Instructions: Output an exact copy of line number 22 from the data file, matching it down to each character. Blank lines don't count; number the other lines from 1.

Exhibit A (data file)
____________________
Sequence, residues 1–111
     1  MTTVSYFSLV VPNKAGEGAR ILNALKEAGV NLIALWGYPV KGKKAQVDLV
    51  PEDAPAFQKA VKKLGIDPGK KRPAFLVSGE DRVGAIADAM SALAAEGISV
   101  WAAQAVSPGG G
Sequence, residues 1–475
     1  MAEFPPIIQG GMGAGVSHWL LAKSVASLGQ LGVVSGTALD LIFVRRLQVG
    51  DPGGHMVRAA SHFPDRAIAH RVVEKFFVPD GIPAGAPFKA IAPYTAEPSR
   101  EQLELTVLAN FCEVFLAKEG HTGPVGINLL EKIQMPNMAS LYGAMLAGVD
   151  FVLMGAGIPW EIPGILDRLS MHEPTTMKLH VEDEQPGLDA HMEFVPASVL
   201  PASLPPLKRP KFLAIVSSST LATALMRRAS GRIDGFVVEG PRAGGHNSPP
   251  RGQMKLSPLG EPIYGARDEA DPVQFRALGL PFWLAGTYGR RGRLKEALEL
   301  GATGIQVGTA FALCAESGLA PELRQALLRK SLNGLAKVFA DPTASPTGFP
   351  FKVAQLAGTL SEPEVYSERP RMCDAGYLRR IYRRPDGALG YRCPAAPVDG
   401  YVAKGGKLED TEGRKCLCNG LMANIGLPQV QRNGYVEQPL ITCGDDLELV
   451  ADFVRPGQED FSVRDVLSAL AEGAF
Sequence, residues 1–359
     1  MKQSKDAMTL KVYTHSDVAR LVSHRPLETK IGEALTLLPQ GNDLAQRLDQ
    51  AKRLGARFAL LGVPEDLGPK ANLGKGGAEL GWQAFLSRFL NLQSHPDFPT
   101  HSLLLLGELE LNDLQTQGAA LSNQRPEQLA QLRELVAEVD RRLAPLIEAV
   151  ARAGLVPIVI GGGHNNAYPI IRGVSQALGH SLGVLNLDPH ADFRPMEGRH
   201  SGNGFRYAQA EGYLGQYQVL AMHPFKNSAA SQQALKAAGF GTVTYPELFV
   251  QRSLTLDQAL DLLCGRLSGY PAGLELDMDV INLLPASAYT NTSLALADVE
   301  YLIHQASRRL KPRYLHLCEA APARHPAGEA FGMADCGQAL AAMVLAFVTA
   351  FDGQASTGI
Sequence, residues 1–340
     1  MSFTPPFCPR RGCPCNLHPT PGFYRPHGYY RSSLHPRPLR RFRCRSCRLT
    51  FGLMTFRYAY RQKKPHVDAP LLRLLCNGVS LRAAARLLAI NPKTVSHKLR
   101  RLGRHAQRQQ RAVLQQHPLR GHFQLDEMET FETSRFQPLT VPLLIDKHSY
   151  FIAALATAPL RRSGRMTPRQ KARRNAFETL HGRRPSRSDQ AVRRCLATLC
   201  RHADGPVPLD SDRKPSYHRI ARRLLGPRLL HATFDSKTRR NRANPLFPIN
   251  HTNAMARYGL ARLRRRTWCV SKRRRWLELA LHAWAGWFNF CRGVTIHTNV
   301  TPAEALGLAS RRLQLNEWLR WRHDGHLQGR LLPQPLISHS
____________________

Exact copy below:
   251  QRSLTLDQAL DLLCGRLSGY PAGLELDMDV INLLPASAYT NTSLALADVE